Five poems by Jules Supervielle in translations by Ian Seed.
For the Bièvre, from ‘Teint’. By Zoë Skoulding.
A Voice from the Nile by James Thomson [B.V.].
Jon Thompson: Three new poems.
Two poems from the hôpital Broussais by Paul Verlaine. Translated by Martin Sorrell.
The Art of Writing and other new poems by Alan Wall.
Signals and two new poems by Michelene Wandor.
Screeds 1 by Stephen Wiest.
SELECTED BY THE POETRY EDITOR:
Richard Berengarten: New Poems.
Kelvin Corcoran : ‘After Argos…’
Anthony Costello: three new poems.
Two new poems: ‘Eucalypso Redux’ and ‘Battleships/Romance’ by Alex Houen.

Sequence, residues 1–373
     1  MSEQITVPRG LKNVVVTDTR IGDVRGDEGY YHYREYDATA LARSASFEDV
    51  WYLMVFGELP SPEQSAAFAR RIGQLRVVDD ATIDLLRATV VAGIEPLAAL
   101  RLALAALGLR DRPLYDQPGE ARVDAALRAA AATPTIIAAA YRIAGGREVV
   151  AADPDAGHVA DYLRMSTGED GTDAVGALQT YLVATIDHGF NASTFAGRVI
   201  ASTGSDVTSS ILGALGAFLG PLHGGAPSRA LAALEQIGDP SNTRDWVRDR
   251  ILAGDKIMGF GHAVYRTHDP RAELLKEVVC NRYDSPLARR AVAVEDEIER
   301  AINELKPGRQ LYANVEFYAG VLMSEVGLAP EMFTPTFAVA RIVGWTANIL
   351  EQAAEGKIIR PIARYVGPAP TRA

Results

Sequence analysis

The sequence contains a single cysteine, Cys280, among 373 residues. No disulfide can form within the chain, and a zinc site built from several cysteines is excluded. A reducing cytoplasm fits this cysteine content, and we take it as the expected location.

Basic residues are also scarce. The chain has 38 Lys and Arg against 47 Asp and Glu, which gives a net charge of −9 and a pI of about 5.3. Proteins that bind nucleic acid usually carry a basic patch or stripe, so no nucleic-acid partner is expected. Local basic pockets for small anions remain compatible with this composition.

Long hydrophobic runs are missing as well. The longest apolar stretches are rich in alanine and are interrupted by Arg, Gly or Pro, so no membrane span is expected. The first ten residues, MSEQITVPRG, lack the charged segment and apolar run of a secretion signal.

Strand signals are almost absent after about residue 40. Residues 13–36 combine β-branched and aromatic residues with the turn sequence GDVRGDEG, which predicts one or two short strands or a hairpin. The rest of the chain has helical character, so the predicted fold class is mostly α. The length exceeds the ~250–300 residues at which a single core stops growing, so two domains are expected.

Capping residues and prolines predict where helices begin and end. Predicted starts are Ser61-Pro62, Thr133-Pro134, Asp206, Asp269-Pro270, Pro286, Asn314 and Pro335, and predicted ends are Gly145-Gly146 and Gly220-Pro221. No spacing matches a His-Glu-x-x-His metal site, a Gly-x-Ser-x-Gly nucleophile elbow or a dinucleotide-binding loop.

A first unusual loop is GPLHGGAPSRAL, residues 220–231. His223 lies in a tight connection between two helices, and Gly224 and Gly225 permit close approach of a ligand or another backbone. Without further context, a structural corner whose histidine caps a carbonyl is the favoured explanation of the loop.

Quite frankly, a sequence by Peter Hughes.
Three poems by Steve Kronen.
Happiness Is the New Bedtime by Becka Mara McKay.
Six new poems by Peter Robinson.
Four poems by John Welch.
The Old Man By Robert Coover.
Dennis and Dinny by James MacGuire.
A Recollection of L’Adorée by Ethel Dilke.
An Encounter by Robert Coover.
New fiction by Conor Robin Madigan.
The postmodern ‘Tallys’ and two more ‘raptures’ by Nigel Wheale.
How’s the Mood-Board? Ben Lerner’s celebrated novel, Leaving the Atocha Station, is a starting point for a reflection on the fleeting emotional intelligence of postmodernism.
The Omega Point. ‘Can we read Lerner and Coupland (DeLillo got there first) as voices for the new New movement…
Rabindranath Tagore. A dossier.
Pound’s March 1913 encomium from The Fortnightly Review archive; Yeats’ introduction to Gitanjali, Tagore’s first English-language collection; William Rothenstein’s reminiscence of Tagore in London; Harold Hurwitz’s amusing account of Pound’s vicious about-face on Tagore; and an early Tagore poem, also from the March 1913 Fortnightly.